Musk said the company would begin trading and accepting Bitcoin again when the mining operations that support the cryptocurrency “transitions to more sustainable energy.” In the meantime, Tesla was looking into other cryptocurrency with lesser carbon footprints, Musk’s tweet said.
Bitcoin dropped to just above $50,000, after trading above $59,000 on Sunday. Bitcoin is down about 15% so far in May, but remains up about almost 70% since Dec. 31, after starting the year just above $29,000.
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Colonial Pipeline/Gasoline Prices
Colonial Pipeline said in a statement released late Wednesday it had restarted operations across the 5,500-mile system that had been shutdown Friday following a ransomware attack. The company said it would require several days “for the product delivery supply chain to return to normal.”
Nationally, retail gasoline prices had jumped 8 cents a gallon vs. the prior week, the AAA reported. Some of the most serious regional price jumps reportedly occurred amid panic buying in the Southeast, but prices there remained well below normal levels in Illinois and across the western U.S.
RBOB gasoline futures — or reformulated blendstock for oxygenate blending, the price benchmark for U.S. gasoline products — dropped 2.2% to $2.11 a gallon. RBOB futures have been rising since March. Prices briefly rose above $2.21 a gallon on Monday, their highest mark since May 2018.
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Vital Signs: Oil, Copper, Bond Yields
West Texas Intermediate oil prices dived 2.7% Thursday, cutting back below $65 a barrel — down from the $66.76 high from last week, and holding well off the 33-month high of $67.98, recorded on March 8.
Copper backed off 1.4% higher to around $4.67, after climbing to new record territory above $4.78 per pound on Wednesday. Copper broke past its previous record, set in February 2011, on May 5.
Bond yields backed off, after April inflation data tripped a surge in the 10-year yield to above 1.69% on Wednesday, according to CBOE data. The 10-year yield traded at 1.68% early Thursday, after a four-day advance and, so far, the largest weekly increase since February. Yields had skirted pre-pandemic levels late in March, climbing to almost 1.76%, the highest level since January 2020.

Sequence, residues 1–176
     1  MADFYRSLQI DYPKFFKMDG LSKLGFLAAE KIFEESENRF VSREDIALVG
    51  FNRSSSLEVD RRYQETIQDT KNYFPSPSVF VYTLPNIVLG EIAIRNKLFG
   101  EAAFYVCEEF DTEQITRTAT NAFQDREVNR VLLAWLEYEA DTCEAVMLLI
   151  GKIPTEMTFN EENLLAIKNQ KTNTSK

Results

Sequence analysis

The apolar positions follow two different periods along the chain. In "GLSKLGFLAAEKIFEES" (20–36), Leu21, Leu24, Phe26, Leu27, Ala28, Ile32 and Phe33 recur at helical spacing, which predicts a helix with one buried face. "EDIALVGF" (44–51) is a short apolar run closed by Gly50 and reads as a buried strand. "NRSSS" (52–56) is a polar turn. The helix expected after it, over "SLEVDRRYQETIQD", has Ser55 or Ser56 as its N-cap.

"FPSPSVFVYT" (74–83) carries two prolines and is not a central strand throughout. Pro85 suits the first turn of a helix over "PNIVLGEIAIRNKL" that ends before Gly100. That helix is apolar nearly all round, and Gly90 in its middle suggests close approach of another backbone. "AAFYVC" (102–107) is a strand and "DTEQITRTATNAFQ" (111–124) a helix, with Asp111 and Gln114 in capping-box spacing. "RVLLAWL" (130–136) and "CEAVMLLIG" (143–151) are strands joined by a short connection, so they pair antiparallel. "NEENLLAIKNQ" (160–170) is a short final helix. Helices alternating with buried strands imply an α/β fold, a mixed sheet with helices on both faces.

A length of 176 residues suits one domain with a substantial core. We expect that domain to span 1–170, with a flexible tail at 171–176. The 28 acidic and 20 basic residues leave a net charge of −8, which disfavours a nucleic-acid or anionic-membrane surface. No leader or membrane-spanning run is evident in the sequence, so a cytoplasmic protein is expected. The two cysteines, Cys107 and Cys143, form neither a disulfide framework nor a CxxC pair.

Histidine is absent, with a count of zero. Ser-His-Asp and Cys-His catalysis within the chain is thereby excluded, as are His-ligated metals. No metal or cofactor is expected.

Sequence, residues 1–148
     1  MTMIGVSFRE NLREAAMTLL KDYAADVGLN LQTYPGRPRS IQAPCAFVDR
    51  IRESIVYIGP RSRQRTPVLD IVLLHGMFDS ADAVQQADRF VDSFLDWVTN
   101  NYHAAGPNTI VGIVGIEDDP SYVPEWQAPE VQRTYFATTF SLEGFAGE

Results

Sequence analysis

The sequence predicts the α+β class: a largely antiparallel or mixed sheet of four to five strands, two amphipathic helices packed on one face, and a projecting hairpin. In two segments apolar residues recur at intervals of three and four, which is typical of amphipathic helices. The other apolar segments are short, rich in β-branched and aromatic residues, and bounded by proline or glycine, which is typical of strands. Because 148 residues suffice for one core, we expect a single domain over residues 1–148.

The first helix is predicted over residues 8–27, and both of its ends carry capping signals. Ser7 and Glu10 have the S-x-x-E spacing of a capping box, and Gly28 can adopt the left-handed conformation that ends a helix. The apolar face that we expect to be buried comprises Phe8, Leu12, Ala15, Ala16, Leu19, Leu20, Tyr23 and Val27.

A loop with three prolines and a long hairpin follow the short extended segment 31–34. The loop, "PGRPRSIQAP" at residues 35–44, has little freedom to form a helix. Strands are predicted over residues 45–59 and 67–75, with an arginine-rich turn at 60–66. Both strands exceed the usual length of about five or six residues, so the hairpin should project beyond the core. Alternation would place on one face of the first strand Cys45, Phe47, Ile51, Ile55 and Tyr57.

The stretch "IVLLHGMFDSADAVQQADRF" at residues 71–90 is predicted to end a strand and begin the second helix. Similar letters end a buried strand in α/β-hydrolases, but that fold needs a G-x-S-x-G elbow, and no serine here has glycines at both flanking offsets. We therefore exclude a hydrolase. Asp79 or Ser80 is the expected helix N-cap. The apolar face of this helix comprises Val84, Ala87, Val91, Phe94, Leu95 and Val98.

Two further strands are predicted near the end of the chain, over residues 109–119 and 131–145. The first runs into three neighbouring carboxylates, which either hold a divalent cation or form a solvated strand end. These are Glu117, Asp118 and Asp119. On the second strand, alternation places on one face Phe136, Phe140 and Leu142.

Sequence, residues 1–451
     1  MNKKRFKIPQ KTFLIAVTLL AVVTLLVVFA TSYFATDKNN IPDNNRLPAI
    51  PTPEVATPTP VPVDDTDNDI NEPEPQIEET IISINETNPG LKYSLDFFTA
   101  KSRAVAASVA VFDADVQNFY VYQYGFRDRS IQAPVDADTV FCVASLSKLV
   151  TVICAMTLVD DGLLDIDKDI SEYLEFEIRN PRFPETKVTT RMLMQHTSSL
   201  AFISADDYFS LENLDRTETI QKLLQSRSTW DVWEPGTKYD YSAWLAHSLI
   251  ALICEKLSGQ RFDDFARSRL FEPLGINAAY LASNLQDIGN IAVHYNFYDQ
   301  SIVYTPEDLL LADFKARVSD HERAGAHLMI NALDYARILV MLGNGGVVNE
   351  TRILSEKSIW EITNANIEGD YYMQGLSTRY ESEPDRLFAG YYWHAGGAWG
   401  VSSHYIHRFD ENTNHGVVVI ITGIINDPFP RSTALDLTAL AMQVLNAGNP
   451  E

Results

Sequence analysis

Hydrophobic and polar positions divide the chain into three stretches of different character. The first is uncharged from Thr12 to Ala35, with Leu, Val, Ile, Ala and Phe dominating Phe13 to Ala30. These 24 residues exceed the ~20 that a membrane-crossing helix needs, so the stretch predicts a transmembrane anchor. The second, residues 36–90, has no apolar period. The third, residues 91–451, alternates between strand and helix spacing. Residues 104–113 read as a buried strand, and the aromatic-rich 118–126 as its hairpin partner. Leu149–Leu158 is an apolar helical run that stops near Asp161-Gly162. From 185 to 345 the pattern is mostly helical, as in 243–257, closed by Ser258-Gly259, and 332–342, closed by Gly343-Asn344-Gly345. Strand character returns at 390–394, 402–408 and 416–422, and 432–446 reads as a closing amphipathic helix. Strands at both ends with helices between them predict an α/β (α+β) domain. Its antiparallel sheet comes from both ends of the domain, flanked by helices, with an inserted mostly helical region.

Dow Jones Today: Hold That Line
The Dow Jones today will spend its first serious day below its 21-day moving average since the start of March. The Nasdaq Composite is attempting to avoid a fourth-straight decline, but is poised to undercut the 13,000 mark and potentially test late-March lows around 12,785.
While the Nasdaq is now well below its 50-day moving average, that level is the next line of technical defense for both the Dow and the S&P 500. Both benchmarks ended Wednesday just a fraction above their 50-day lines. Thursday’s early action suggested both indexes were set to test that support.
For more detailed analysis of the current stock market and its status, study the Big Picture.
For investors who haven’t already secured everything on deck, it is time to play defense. Wednesday’s Big Picture article advises reducing market exposure: narrow stock purchases to only exceptional breakouts, cut any loss to 7% or 8%, or even less, and avoid adding to existing positions.
The year has so far been frustrating for growth stock investors, with the Dow paring its year-to-date advance to 9.7%, the S&P 500 trimming back to an 8.2% gain and the Nasdaq limping along with a 4.5% increase.
It helps to keep in mind that the Dow Jones today still holds a 12-month gain of 41.3% and the S&P 500’s 12-month tally is 41.6%, while the Nasdaq is still trading 44.8% above where it closed on May 12, 2020.
Find Alan R. Elliott on Twitter @IBD_Aelliott